purpose: To investigate the combined usefulness of CD4 lymphocyte counts and human immunodeficiency virus type 1 (HIV-1) p24 antigen in predicting progression to the acquired immunodeficiency syndrome (AIDS). patients and methods: CD4 lymphocyte counts and HIV-1 p24 antigen status were evaluated over a 4-year period in 518 HIV-1-seropositive men enrolled in the Multicenter AIDS Cohort Study in Chicago. results: Twenty-six percent (134 of 518) of the HIV-1-seropositive cohort had detectable p24 antigen during the study period. Men with p24 antigenemia experienced a more rapid decline in CD4 lymphocyte counts than men who were persistently p24 antigen-negative (p <0.01). Mean CD4 lymphocyte counts at first detection of p24 antigen were 406 and 455 cells/μL for men with incident and prevalent antigenemia, respectively. Antigen was detected in 61% (63 of 103) of the men who progressed to AIDS and in only 17% (71 of 415) of the men who did not (p <0.0001). The 4-year estimated cumulative AIDS incidence was 86%, 63%, and 21% for men with entry CD4 counts less than 200, 200 to 399, and 400 or more cells/μL, respectively. Presence of p24 antigenemia was strongly associated with more rapid disease progression within each of these CD4 groupings (p <0.0001). conclusion: Our data indicate that p24 antigenemia can first be detected with moderate CD4 cell depletion, is associated with a more rapid decline in the CD4 lymphocyte population, and combined with CD4 lymphocyte counts is useful in identifying individuals at significantly greater risk of disease progression. Our findings provide important information for assessing HIV-1 disease prognosis over a 4-year period.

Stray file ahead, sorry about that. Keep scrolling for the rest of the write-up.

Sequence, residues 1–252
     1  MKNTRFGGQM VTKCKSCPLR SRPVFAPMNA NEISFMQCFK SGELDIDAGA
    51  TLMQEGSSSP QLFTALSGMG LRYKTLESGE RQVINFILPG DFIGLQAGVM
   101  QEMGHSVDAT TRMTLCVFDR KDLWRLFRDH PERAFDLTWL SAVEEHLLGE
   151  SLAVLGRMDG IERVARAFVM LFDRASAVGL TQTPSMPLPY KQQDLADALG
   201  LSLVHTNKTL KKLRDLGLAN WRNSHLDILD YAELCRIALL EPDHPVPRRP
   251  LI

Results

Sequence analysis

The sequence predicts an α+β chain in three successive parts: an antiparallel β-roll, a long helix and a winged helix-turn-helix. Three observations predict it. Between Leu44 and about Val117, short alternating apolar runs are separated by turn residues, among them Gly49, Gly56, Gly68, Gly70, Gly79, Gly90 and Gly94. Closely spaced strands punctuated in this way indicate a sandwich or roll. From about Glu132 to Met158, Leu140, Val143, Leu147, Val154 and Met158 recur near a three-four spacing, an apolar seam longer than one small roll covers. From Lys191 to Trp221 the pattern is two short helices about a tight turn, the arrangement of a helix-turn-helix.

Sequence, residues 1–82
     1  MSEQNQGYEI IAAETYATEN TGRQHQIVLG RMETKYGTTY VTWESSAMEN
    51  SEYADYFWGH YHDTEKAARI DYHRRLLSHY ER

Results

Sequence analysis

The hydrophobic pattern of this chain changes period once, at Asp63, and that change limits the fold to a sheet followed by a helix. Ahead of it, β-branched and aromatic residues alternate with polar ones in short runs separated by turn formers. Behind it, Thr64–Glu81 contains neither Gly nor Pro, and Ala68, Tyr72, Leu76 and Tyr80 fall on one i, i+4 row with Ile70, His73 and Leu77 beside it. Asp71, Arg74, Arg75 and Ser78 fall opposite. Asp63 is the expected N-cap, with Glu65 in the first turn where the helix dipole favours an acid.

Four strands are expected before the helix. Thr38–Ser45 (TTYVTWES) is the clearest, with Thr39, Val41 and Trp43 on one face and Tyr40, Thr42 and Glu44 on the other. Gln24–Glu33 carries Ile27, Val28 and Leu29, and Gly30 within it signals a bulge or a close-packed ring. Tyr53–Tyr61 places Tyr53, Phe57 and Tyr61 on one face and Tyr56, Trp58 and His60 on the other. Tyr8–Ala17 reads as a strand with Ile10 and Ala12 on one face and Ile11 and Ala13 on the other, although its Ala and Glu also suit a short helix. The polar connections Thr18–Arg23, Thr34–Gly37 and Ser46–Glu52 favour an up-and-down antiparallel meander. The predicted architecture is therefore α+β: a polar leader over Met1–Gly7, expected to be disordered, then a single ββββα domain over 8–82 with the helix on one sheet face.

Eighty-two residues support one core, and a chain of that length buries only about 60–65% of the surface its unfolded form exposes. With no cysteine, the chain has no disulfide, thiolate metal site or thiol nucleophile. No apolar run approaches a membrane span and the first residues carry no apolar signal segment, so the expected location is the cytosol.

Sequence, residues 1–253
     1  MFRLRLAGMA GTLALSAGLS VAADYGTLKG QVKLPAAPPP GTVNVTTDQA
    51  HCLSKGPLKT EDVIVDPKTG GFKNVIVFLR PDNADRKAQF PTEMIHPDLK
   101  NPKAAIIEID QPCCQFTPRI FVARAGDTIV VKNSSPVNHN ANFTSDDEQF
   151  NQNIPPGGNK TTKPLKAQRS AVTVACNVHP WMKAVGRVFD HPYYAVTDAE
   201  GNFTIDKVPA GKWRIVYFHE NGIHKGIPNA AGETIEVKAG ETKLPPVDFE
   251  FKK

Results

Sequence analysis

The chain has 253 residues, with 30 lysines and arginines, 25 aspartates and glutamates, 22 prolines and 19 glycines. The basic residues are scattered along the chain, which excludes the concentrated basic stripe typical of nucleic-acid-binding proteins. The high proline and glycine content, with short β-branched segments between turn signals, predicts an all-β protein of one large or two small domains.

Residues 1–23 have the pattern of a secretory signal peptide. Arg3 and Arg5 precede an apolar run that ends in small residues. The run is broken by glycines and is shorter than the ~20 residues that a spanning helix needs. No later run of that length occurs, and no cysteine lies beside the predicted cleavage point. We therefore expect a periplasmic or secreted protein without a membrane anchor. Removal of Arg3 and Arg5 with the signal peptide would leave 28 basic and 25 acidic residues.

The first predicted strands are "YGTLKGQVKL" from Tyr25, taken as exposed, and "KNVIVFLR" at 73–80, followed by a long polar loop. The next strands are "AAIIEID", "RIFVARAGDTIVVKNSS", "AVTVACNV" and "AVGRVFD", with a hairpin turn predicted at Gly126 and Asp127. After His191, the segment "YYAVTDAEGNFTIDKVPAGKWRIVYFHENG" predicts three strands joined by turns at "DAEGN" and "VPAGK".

|Original language||English (US)|
|Number of pages||7|
|Journal||The American journal of medicine|
|State||Published - Dec 1990|
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